Cut from the middle of the hind leg, gammon is a cut that benefits from long, steady cooking. Though of course it lends itself well to roasting, braising is arguably an even more dynamic way to cook the meat; the liquid in the pan stops the meat from drying out and depending on which liquor is used - adds plenty of flavour.
If you want to keep the hob free, gammon can also be braised in the oven at 160°C/gas mark 3 for the same amount of time. After the gammon is braised, it can be coated with a glaze and placed in a 190°C/gas mark 5 oven to create sticky, sumptuous fat - scoring the fat is great for overall presentation and helps the glaze to reach down to the meat - a brilliantly indulgent option for any sunday lunch.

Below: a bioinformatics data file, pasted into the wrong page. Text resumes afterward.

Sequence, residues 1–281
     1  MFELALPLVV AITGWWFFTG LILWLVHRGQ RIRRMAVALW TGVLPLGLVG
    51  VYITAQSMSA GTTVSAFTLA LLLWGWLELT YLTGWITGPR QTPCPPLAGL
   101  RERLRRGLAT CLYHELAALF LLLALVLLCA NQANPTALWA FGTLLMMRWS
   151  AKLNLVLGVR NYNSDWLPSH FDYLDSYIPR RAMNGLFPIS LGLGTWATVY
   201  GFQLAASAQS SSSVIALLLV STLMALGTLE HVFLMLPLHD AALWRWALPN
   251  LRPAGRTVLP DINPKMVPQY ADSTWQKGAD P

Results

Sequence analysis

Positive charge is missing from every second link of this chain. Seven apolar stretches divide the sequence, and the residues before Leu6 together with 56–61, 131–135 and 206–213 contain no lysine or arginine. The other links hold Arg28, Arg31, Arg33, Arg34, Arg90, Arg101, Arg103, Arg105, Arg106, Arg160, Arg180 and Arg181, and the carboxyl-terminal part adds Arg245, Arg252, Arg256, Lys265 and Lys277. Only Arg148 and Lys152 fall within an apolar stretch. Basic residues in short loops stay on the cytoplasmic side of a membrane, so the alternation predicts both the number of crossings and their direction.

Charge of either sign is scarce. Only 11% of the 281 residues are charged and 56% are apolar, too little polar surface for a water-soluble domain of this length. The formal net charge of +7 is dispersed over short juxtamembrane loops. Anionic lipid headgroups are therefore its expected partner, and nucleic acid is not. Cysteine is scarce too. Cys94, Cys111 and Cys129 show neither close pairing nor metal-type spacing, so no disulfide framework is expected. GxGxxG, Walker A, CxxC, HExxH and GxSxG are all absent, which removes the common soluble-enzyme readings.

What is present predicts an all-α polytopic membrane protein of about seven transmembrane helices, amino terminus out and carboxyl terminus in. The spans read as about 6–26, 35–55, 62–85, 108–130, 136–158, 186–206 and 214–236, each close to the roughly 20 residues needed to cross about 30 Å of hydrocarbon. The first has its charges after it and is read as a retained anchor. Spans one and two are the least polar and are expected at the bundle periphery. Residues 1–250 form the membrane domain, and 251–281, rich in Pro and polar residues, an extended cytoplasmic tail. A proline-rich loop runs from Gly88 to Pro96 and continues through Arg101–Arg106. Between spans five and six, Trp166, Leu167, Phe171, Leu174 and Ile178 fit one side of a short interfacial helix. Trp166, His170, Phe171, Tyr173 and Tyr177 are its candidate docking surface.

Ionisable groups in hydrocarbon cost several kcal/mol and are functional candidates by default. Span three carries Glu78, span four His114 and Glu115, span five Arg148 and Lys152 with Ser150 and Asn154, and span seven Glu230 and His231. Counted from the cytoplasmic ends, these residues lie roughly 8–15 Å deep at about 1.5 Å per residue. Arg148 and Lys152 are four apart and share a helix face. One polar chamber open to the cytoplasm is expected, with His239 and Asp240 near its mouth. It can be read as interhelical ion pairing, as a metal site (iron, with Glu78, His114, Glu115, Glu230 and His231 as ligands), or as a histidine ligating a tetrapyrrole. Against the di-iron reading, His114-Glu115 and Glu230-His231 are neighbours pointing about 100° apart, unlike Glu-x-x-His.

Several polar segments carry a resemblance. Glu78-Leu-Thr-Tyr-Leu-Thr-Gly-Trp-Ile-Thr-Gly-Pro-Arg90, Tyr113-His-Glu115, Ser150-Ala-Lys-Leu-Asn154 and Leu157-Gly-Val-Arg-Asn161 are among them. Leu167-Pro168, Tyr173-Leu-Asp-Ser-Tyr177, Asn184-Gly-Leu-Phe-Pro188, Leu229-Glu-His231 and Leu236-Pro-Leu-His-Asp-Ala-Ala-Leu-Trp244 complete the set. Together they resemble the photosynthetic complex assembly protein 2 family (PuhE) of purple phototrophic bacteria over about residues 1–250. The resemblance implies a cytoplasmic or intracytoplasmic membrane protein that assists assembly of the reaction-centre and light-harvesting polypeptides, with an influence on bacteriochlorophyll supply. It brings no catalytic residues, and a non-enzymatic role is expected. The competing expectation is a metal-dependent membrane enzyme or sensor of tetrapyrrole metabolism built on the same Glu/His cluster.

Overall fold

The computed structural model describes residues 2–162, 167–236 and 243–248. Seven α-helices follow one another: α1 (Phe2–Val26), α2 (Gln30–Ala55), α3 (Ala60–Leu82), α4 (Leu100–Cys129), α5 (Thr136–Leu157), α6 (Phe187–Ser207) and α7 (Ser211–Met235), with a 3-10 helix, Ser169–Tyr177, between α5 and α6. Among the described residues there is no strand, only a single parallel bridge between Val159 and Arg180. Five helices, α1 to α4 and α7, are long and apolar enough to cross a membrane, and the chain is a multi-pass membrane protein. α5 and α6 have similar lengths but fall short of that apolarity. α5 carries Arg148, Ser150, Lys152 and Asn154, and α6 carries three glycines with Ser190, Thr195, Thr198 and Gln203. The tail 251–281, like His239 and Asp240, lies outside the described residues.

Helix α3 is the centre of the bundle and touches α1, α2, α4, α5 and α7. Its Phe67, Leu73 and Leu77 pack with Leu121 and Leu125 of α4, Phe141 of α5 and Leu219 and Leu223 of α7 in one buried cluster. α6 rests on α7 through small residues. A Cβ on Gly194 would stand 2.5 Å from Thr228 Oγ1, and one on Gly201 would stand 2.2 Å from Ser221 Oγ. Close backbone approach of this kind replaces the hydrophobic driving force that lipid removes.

A diverse variety of liquids can be used to braise gammon, all imparting a subtle hint of flavour into the meat. Take note of James Mackenzie’s cider-braised gammon recipe, which plays upon gammon’s attraction to sweet, syrupy ingredients, and hints at its potential to be braised in ale, orange juice or even coca-cola. For further inspiration, look to ingredients like white wine, which will lend an air of sophistication to this rustic ingredient, used to great effect in Galton Blackiston's terrine recipe. To keep things simpler, braise in stock or even just water - perhaps with a few robust herbs and aromatics thrown in for good measure.